Gus Englehorn "Dungeon Master"
Dungeon Master, Englehorn’s Secret City Records debut, is an outsider opus that sparkles with Dada spirit — a playful juxtaposition of isolation, alienation and mildish OCD. Surprising, paranoid, and studded with synths and strings, Dungeon Master is deeper than a cellar and blunter than a club — a shivering introduction to an artist who’s finally arrived. “I let my subconscious do the driving,” Gus admits, and as you listen to these 10 tunes, it’s difficult not to do the same: to sit back like a dog with a two-legged daydream; like a fisherwoman with her net; like a snowboarder with a mouth full of powder.
Before he made the record in a cabin in the woods, he lived in Salt Lake City, Utah, where he fell in love at first sight with a woman from Québec, a girl named Estée Preda, who plays drums like Moe Tucker on salvia. In those days, Gus was a professional snowboarder — crisscrossing the world as a weird and world-class talent, kick-flipping through videos, shredding the gnar, posing in corporate-sponsored sunglasses. Before that he lived in Hawaii — on a lava field off-grid, with his folks. And before that in Alaska — in a hamlet called Ninilchik, where his parents fished for salmon and he and his brothers ate moose and pizza, played Nintendo, and also pretended to be wizards.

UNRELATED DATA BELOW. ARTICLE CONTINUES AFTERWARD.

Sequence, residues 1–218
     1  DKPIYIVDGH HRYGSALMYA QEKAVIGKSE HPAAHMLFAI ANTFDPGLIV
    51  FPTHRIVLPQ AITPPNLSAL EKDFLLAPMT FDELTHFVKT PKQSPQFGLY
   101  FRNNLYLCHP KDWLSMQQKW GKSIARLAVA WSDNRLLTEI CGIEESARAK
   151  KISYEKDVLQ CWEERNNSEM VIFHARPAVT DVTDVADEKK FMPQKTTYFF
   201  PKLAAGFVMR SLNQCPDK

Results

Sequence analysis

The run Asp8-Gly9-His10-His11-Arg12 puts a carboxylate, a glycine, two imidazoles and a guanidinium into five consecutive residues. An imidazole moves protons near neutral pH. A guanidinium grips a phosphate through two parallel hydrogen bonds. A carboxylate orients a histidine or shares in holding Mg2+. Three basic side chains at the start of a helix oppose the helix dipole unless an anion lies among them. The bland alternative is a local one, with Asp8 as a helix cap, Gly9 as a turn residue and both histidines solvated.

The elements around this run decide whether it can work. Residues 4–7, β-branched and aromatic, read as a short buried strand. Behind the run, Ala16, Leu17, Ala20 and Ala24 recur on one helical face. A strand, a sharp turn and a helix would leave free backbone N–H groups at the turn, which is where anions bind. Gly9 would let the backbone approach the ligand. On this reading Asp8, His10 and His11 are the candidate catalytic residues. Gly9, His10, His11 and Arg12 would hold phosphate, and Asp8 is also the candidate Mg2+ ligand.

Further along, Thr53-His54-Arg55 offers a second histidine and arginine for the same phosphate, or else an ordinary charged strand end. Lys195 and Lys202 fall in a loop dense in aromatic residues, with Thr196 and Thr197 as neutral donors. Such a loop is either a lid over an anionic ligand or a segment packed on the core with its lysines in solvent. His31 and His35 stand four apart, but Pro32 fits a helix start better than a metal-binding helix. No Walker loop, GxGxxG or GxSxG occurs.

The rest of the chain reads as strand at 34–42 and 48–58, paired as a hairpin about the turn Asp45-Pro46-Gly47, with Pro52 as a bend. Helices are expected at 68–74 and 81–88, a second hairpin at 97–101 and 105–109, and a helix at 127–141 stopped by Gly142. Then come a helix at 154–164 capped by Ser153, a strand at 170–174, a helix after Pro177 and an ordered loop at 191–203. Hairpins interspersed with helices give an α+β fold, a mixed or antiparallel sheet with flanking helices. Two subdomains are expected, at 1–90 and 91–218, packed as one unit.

For almost all of Gus’s life — from Big Island’s sunsets to snowy Utah pistes — he dreamed of being a songwriter. If he couldn’t be Dylan, maybe he’d be Daniel Johnston, or Frank Black and The Pixies, or maybe Darby Crash and The Germs. And when he finally emerged — first on 2020’s Death & Transfiguration and now here on the 34-year-old’s label debut — he had found a sound that was dark and delightful, fun and demented, packed with dynamics and the chug of a hysterical guitar.